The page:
Restoring confidence in public statements by independently testing and verifying the facts
Are methane leaks from gas production Australia’s fastest-growing source of carbon emissions?
By James Lane and Louise Evans
“Australia’s fastest-growing source of emissions is leaking methane from gas projects."
Greens leader Richard Di Natale. April 24, 2019.
Greens leader and Victorian Senator Richard Di Natale has criticised the $1.5 billion plan from Labor leader Bill Shorten to unlock gas reserves in northern Australia. Senator Di Natalie believes Australia should not be opening any more coal, oil or gas fields because of the environmental impact. 
AAP FactCheck examined the claim from Senator Richard Di Natale that methane leaks from gas projects are Australia’s fastest growing source of carbon emissions. .
Methane is a highly potent greenhouse gas with more than 80 times the climate warming impact of carbon dioxide over the first 20 years after it is released. Producing and transporting natural gas releases methane. 
Emissions reduction is a major election battleground. Labor is proposing an emissions reduction target of 45 per cent on 2005 levels by 2030. 
The government wants to reduce emissions to 26-28 per cent on 2005 levels by 2030. 
The Greens want zero or negative greenhouse gas emissions by 2040. 
Senator Di Natale’s office told AAP FactCheck his claim was based on the Department of Environment and Energy’s quarterly update of Australia’s National Greenhouse Gas Inventory.
Based on the department’s September 2018 report there was a 7.3 per cent increase in fugitive emissions - the technical term for leaking methane - for the 12 months ending September 2018 - the largest rise across eight emissions sectors measured in the update. 
The seven other emissions sectors are electricity, stationary energy, transport, industrial processes and product use, agriculture, waste and land use change, and forestry. After fugitive emissions the next two biggest increases were recorded by stationary energy 5.8 per cent and industrial 3.2 per cent.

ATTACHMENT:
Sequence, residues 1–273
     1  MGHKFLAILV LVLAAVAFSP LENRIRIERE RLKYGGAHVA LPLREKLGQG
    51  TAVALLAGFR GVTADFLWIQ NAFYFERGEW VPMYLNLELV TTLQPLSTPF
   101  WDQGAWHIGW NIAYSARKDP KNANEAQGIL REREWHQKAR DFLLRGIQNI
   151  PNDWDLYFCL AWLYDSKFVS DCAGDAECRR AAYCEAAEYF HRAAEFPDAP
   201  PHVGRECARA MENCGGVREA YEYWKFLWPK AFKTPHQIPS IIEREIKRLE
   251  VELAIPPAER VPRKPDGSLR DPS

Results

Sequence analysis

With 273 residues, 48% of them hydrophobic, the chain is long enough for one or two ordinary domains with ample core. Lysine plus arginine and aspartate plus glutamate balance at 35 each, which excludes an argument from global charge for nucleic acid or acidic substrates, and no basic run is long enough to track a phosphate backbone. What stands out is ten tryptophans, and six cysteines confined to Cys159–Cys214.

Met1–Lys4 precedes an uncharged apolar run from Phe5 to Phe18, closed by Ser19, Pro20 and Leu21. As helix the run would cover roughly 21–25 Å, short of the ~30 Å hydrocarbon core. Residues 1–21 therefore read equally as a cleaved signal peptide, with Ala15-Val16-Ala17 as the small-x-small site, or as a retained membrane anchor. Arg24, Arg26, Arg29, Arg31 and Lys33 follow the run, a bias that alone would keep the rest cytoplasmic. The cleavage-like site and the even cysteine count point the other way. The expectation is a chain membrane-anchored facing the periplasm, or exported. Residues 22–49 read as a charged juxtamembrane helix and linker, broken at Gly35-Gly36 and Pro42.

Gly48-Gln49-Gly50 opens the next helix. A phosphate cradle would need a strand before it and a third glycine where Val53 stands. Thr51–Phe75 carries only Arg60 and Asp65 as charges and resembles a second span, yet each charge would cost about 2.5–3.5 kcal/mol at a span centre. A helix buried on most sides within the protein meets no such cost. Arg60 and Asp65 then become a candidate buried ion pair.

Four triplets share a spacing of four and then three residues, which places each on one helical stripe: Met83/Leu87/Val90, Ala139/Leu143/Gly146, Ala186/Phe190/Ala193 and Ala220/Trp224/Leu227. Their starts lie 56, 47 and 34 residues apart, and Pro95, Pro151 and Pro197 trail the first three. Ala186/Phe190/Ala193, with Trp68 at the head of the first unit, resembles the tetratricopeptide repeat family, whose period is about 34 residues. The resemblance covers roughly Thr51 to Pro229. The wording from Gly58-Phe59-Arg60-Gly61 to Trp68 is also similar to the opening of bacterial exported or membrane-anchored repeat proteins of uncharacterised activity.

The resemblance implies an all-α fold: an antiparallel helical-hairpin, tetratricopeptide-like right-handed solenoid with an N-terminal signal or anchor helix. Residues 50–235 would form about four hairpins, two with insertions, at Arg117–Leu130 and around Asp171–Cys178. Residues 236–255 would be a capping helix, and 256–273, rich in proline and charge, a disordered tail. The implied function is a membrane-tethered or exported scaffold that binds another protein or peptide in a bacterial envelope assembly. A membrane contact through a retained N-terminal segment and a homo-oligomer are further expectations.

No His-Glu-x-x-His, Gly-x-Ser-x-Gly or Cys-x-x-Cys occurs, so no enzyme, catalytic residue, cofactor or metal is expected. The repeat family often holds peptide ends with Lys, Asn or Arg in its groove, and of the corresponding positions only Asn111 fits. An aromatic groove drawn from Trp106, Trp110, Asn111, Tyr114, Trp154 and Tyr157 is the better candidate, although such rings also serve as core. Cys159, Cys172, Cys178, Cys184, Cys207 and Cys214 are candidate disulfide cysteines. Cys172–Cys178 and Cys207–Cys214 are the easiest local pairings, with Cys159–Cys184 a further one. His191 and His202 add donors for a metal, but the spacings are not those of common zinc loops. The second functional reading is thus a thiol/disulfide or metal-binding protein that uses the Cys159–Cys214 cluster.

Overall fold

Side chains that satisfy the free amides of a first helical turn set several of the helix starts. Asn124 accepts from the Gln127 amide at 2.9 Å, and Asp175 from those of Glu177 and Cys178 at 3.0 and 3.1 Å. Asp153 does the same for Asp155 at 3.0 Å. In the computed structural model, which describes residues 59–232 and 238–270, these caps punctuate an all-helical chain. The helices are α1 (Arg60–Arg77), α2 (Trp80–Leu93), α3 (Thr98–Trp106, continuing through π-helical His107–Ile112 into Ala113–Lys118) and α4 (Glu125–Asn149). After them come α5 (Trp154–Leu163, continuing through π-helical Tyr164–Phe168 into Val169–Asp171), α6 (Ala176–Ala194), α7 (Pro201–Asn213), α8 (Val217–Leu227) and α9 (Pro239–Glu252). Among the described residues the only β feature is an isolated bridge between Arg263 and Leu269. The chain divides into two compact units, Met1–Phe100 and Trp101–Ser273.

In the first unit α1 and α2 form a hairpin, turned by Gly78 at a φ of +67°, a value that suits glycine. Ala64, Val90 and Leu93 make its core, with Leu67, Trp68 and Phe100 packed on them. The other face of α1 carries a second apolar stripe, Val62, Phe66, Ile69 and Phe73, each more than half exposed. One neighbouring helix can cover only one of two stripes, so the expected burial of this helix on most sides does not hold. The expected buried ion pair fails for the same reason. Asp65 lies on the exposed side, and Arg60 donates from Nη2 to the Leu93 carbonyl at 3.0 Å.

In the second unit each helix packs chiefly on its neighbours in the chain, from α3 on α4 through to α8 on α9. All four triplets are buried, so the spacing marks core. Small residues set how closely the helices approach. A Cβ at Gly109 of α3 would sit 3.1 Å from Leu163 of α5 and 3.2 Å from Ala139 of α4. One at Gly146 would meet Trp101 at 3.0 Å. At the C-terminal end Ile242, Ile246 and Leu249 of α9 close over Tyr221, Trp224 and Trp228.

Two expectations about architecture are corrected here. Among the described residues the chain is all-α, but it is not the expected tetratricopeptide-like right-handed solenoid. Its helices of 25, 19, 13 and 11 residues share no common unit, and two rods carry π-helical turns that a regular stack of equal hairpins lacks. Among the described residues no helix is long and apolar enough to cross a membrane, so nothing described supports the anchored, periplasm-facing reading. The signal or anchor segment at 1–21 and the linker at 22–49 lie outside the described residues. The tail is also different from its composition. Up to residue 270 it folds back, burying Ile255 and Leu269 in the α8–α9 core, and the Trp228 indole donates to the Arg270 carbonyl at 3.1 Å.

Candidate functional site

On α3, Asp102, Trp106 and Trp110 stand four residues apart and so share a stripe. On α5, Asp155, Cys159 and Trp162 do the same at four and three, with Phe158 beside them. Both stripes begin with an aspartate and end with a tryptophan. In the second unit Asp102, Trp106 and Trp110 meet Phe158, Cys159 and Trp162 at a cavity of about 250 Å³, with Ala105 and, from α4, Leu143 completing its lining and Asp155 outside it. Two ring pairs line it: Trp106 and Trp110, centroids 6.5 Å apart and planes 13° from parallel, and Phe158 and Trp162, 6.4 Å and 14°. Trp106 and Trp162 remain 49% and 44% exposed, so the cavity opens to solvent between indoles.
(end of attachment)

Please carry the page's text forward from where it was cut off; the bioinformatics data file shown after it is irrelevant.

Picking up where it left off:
A separate 2018 report by the Climate Council found fugitive emissions in Australia had risen by 49 per cent since 1990. The paper contained a table of annual emission figures across the same sectors with fugitive emissions again recording the largest increase between December 2017 and December 2018 of 10.5 per cent, ahead of stationary energy 3.8 per cent and transport 3.4 per cent. 
However, both reports state gas production is just one element of fugitive emissions which also includes oil and coal production and distribution. The report used by the senator states fugitive emissions include “the production, processing, transport, storage, transmission and distribution of fossil fuels. These include coal, crude oil and natural gas. Emissions from decommissioned underground coal mines are also included in this sector”. 
The 2018 Climate Council report states “fugitive emissions are mostly released from underground coal mines, coal seam gas and conventional gas production. Gas and coal production are each responsible for around 43 per cent of fugitive emissions (Australian Government 2017)”. 
AAP FactCheck finds it is true that Australia’s fastest-growing source of emissions is leaking methane.
But it is not from gas projects alone, as Senator Di Natalie stated, and based on the report he used.
The Climate Council report shows gas production is the equal fastest source of carbon emissions along with coal.
- Somewhat False - Mostly false, but there is more than one element of truth.
1. ‘Labor’s carbon knockout for top companies’, by Simon Benson. The Australian. April 24, 20019: https://www.theaustralian.com.au/nation/politics/labors-carbon-knockout-for-top-companies/news-story/7b416524a3df8eb5bc403903c9856b81
2. ‘The US natural gas industry is leaking way more methane than previously thought. Here’s why that matters’, by Anthony J Marchese and Dan Zimmerie. The Conversation. July 2, 2018: https://theconversation.com/the-us-natural-gas-industry-is-leaking-way-more-methane-than-previously-thought-heres-why-that-matters-98918
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5. ‘Climate change and energy’. The Greens. November 2018: https://greens.org.au/policies/climate-change-and-energy
6. ‘Quarterly Update of Australia’s National Greenhouse Gas Inventory’. Australian Government. Department of the Environment and Energy. September report (Page 7 and 15):http://www.environment.gov.au/system/files/resources/4391288e-fc2b-477d-9f0b-99a01363e534/files/nggi-quarterly-update-sept-2018.pdf
7: ‘Australia’s rising greenhouse gas emissions’. Climate Council. 2018 (Page 8 and 24): https://www.climatecouncil.org.au/wp-content/uploads/2018/06/CC_MVSA0143-Briefing-Paper-Australias-Rising-Emissions_V8-FA_Low-Res_Single-Pages3.pdf
- First published April 25, 2019 17:35 AEST